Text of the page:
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Contact: Kristin Carlson, Green Mountain Power, (802) 229-8200 For Immediate Release: September 19, 2014   Coalition of Business, Energy And State Leaders Supports Clean Energy Future Group criticizes FTC filing: would raise Vermonters’ costs and hurt renewable growth Colchester, Vt – A group of Vermont business, energy, and state leaders joined Green Mountain Power today in criticizing Vermont Law School’s Environmental Law Clinic for filing a Federal Trade Commission complaint that targets Vermont’s renewable energy laws. The filing against GMP’s sale of Renewable Energy Certificates (RECs) would lead to higher electric rates and discourage renewables in Vermont. State laws aimed at encouraging renewable generation, like the SPEED law, have helped Vermont create the highest number of solar jobs per capita in the country. Utilities like GMP, as well as solar and wind developers, utilize RECs to help expand renewable generation and keep rates low for their customers. “In the past five years, the amount of renewable generation developed in Vermont has gone from about 10 MW to over 150 MW – that’s a 15 fold increase,” said GMP President and CEO Mary Powell.  GMP was a leader in accelerating the adoption of solar generation by launching an incentive in 2008. “We are proud of our record and the fact that we have done all of this while lowering rates for customers this year, and helping Vermont become a national leader in clean energy. We will continue to tell Vermonters the true story about our energy portfolio and the importance of selling RECs to encourage more local renewable generation and keep costs low. GMP is proud to stand with clean energy advocates, state officials, and renewable developers in support of our clean energy laws.” The sale of RECs produced about $30 million of value this year alone, dollars that went directly into the pockets of GMP customers through lower rates. “The very successful rapid development and growth of renewable energy generation in Vermont today would simply not have happened without the creation of Vermont’s SPEED program by the Vermont Legislature in 2005,” said Rep. Tony Klein Chair, House Natural Resources and Energy Committee. “Our Vermont utilities are doing exactly what the Vermont Legislature has required them to do. And as a result, it has created jobs, tax revenue and clean energy without raising our utility rates. We need to continue to move forward!” “Our company is very grateful for the work that GMP has done to keep our electric rates down at a time when costs are rising elsewhere. We depend on affordable energy to power Sugarbush each winter. I hope that the people responsible for this will cease their unnecessary and counterproductive filing so that we can focus on the real issues we face as a state,” said Sugarbush Owner Win Smith. “Selling renewable energy credits has been an unqualified success in Vermont,” said Burlington Mayor Miro Weinberger.  Burlington Electric Department (BED) recently set a new utility benchmark by achieving its goal of having 100% of its power sourced from renewable generation. “The credits have allowed us to meet dual goals: aggressively supporting more wind and solar generation right here in Vermont while keeping rates low and stable for our customers. If REC sales ended today, rates would spike and construction of renewables would slow. That’s a bad bargain for BED’s customers and our community.” “Vermont’s SPEED energy policy has been incredibly effective in promoting the development of renewable generation in our state, building projects that will last for decades,” said Gabrielle Stebbins, Executive Director of Renewable Energy Vermont.  “The economic development and job creation benefits have put a spotlight on...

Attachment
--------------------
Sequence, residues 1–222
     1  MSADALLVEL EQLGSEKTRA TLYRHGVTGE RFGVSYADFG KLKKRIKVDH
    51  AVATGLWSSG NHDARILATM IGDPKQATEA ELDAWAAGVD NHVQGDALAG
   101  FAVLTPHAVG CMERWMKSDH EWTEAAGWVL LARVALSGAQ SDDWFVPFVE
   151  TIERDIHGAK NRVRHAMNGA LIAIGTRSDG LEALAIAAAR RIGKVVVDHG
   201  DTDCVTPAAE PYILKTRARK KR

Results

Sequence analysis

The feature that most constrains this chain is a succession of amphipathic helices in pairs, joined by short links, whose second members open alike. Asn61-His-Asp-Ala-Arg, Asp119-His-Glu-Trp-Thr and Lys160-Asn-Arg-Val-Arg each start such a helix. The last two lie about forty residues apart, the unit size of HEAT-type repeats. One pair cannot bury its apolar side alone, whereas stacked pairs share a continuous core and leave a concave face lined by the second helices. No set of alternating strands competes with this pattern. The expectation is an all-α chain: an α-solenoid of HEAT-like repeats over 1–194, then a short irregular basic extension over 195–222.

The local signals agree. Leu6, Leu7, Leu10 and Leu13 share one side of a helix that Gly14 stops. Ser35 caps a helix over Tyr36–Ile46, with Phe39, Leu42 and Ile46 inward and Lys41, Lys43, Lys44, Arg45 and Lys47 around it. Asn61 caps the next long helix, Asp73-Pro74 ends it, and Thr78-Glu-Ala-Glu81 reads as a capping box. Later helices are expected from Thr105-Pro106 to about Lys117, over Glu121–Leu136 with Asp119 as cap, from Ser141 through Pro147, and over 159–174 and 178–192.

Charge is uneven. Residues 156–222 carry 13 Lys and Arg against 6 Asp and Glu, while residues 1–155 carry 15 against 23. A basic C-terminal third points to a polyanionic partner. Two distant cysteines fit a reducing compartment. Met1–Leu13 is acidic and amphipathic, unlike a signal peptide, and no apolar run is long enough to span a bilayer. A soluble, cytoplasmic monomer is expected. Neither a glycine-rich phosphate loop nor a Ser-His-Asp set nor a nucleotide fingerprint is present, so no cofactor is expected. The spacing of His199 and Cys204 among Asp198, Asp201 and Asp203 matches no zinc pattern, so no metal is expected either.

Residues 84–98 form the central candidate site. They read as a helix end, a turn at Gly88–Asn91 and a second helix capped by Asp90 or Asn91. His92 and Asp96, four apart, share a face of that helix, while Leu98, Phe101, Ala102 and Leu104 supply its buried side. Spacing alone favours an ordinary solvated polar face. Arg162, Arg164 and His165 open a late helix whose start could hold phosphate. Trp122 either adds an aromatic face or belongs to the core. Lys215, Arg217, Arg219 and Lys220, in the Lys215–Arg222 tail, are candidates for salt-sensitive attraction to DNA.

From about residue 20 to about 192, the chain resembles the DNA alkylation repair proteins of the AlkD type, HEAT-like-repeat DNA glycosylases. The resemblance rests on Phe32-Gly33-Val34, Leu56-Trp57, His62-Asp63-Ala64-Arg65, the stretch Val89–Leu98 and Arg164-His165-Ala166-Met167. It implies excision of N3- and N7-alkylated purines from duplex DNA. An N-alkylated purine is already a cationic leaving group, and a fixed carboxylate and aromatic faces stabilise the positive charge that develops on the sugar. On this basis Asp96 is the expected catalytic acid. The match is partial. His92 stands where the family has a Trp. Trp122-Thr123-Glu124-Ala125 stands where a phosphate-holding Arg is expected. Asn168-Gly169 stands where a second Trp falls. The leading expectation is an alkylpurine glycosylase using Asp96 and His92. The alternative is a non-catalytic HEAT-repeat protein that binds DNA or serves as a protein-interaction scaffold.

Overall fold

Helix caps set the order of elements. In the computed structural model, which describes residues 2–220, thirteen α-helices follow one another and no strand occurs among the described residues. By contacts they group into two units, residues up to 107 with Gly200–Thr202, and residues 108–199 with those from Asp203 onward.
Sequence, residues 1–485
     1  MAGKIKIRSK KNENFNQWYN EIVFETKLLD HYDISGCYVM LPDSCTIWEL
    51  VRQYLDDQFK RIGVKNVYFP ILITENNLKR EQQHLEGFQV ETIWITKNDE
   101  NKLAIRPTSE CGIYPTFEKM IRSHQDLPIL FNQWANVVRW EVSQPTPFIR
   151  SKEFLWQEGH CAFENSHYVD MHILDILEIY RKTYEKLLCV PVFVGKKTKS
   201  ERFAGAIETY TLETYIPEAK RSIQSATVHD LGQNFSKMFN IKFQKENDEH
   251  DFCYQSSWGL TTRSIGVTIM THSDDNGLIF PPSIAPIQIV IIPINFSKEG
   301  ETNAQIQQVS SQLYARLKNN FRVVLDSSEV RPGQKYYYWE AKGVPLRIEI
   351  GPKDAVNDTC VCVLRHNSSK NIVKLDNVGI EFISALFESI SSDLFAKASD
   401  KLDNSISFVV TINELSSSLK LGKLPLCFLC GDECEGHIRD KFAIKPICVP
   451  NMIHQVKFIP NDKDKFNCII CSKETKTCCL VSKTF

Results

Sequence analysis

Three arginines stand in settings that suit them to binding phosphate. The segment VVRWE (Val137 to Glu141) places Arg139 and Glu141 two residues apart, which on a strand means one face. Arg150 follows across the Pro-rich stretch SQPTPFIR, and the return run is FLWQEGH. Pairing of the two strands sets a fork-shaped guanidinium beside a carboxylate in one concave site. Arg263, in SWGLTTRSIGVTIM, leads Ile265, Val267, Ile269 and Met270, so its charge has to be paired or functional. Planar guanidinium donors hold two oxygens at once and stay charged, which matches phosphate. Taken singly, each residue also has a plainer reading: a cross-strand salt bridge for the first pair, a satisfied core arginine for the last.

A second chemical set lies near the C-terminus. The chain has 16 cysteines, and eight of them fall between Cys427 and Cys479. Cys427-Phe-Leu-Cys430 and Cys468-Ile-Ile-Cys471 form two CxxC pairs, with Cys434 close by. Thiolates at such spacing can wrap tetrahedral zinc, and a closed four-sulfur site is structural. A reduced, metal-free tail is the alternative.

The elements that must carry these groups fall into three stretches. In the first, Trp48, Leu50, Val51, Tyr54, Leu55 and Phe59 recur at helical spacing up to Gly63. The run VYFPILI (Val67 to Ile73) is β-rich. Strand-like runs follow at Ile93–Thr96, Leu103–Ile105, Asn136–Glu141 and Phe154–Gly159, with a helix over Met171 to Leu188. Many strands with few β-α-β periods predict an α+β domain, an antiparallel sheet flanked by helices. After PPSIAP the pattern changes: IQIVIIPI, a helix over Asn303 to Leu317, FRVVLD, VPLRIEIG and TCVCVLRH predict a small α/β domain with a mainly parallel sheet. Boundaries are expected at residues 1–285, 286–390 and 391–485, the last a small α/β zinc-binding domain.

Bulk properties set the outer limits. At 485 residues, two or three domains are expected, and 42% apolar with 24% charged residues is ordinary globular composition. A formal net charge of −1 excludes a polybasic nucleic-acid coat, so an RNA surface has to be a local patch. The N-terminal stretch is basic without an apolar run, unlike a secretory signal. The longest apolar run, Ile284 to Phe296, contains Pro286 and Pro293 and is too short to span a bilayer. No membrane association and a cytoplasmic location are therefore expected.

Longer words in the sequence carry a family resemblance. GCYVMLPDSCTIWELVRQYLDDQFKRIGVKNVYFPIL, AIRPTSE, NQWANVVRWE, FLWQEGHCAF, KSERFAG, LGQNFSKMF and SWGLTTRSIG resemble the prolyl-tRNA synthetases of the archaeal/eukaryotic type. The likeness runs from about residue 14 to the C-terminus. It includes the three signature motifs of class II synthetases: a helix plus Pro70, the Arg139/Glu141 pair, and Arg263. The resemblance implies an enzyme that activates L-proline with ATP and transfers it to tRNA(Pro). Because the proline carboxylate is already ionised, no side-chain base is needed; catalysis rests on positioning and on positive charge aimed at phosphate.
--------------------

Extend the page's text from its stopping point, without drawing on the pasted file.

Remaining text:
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GMP on RECs

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Some of you may know a form of emission capping called carbon credits, or offsets. It is the idea that factories which emit greenhouse gasses must offset their emissions through sequestration of greenhouse gasses elsewhere. “Renewable Energy Credits” (RECs) act as a parallel idea that attempts to curb climate change from a production angle. one REC represents one MWh of clean energy produced. In this way RECs act as a production certificate of clean energy. In Vermont, RECs have come up against some criticism. There has been a circling idea that RECs are allowing factories to buy more pollution privileges. Vermont Law school recently filed a complaint with the Federal Trade Commission asking for an investigation into the the REC market. In an article on FierceEngery, a website that follows trending markets, VLS claims this investigation is based upon the fear of rising electrical prices due to Vermont’s Sustainably Priced Energy Enterprise Development (SPEED) law (Locally this concern was discussed briefly in the Brattleboro Reformer Opinion article on September 19th, “Our Opinion: Furthering the Cause”). Green Mountain Power (GMP) disagrees with the VLS complaints, and has voiced its opposition in saying the sale of RECs has not only supported the growth of clean energy in Vermont, it has also allowed them to keep electric rates reasonably low, supporting the wider economy. Vermont’s SPEED law promotes the production of renewable energy in Vermont by setting statewide goals for utilities. In the past year alone, SPEED has created a huge clean energy workforce in Vermont. In the FierceEnergy article, Mary Powell, President and CEO of GMP, is quoted in saying, “In the past five years, the amount of renewable generation developed in Vermont has gone from about 10 MW to over 150 MW — that’s a 15 fold increase,”. Thats a lot of power. Powell goes on to say that, “We are proud of our record and the fact that we have done all of this while lowering rates for customers this year, and helping Vermont become a national leader in clean energy. We will continue to tell Vermonters the true story about our energy portfolio and the importance of selling RECs to encourage more local renewable generation and keep costs low.” This comes as Burlington and The Burlington Electric Company just made the claim that it now produces 100% of its power from clean energy such as hydro, wind, solar and net metered solar projects, like Vermont Community Solar.  Clearly SPEED is having an effect, and the sales of RECs are fueling the small boom in job creation. This in tandem with growing clean energy production has made Vermont a clear leader in the clean energy industry. Market driven policy, including the sale of RECs, has helped push clean energy into high production. As The People’s Climate March and the UN Climate Summit tackle the issues of global climate change, the push of the market has made action a reality in Vermont. Read the full article “Green Mountain Power bite back after FTC...